Fiscal Freedom:  India’s tax rates are relatively high. The top income tax is now 30.9 percent (30 percent plus an educational assessment of up to 3 percent). The top corporate tax rate is 33.99 percent (30 percent plus a 10 percent surcharge and a 3 percent education tax on that total). Other taxes include a dividend distribution tax, a tax on interest, and a value-added tax (VAT). A general sales tax (GST) was recently approved to replace the VAT. In the most recent year, overall tax revenue as a percentage of GDP was 18.6 percent. 

(Notice how they can't take in more than 20% of GDP, no matter how high they put the rates?  Ever wonder when Obama is going to figure that out?)

Government Spending:  The government still plays a central role in the economy. In the most recent year, total government expenditures, including consumption and transfer payments, fell slightly to 27.2 percent of GDP. Public debt is 78 percent of GDP. 

(Hey, that could be the United States !!  They're now taking in 18% of GDP and spending 27%.) 

Monetary Freedom:  Inflation has been relatively high, averaging 9.9 percent between 2007 and 2009, and was running above 11 percent in 2010. The government subsidizes agricultural, gas, and kerosene production; applies factory, wholesale, and retail price controls on “essential” commodities, 25 crops, services, electricity, water, some petroleum products, and certain types of coal; and controls the prices of 74 bulk drugs that cover 40 percent of the market. Domestic price and marketing arrangements apply to commodities like sugar and certain cereals.

(Our true rate of inflation is closer to 10% than Bernanke will admit.  When I started writing this post, I had no intention of pointing out how the U.S. was headed in India's direction.  Looks like we're going there, doesn't it?)

Investment Freedom:  Foreign investment is prohibited in some industries and capped in others. Foreign investment in real estate is limited to company property used to do business and the development of some types of new commercial and residential properties. Bureaucracy is non-transparent and burdensome, and contract enforcement can be difficult. Foreign exchange, capital transactions, and some credit operations are subject to approvals, restrictions, and additional requirements.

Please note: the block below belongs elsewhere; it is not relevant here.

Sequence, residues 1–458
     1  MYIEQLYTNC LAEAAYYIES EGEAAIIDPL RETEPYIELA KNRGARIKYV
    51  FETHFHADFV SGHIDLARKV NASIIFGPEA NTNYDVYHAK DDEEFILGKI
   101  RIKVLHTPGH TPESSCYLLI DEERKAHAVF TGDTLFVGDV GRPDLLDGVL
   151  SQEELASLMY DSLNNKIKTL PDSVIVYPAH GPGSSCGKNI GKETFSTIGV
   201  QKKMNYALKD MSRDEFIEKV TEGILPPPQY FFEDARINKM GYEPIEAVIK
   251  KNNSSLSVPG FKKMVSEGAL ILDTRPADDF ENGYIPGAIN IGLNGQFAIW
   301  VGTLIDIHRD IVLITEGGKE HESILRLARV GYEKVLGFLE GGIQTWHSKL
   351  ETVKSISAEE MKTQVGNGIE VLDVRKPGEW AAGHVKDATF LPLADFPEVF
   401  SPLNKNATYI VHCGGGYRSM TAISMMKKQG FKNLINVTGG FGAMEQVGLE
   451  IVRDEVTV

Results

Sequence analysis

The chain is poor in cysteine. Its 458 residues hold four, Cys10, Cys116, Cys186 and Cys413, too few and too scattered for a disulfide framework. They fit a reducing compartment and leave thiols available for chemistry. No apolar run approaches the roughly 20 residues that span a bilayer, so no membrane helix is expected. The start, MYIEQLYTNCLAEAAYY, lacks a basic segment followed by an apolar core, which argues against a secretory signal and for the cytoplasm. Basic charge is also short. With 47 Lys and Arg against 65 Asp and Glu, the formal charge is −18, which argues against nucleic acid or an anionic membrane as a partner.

Financial Freedom:  Too tiresome to quote in full, but here's the kicker:  The government has introduced new financial instruments including derivatives.

Property Rights:  Transfers of land are restricted, and there is no reliable system for recording secured interests in property. Courts take years to reach decisions, and foreign corporations often resort to international arbitration. Protection of intellectual property rights is problematic. Proprietary test results and other data about patented products submitted to the government by foreign pharmaceutical companies have been used by domestic companies without legal penalties.

Freedom From Corruption:  Corruption is perceived as significant, especially in government procurement of telecommunications, power, and defense contracts. India ranks 84th out of 180 countries in Transparency International’s Corruption Perceptions Index for 2009. Corruption is viewed as an obstacle to foreign direct investment.

Labor Freedom:  India’s labor regulatory framework is evolving. The non-salary cost of employing a worker is moderate, but dismissing an employee is costly. The informal economy (working off the books) is an important source of employment.

There you have it.  India, a democratic nation, is one of the most screwed-up places on earth.  Most of the voters probably favor protectionism, high tariffs, the occasional kickback, an "Indians First" investment policy, subsidies, and everything else you'll find under the Big Government Christmas Tree. 

So what's the solution? 

Enforcement of property rights.  Free trade.  Elimination of subsidies.  Enough government to provide a working courts system and to defend India's borders, but not much else. 

In other words, the platform of The Libertarian Party.  Please consider Libertarian candidates in the 2012 elections.  After all, the U.S. is only #9 on the Freedom Index, and we're falling fast. 

Map came from here.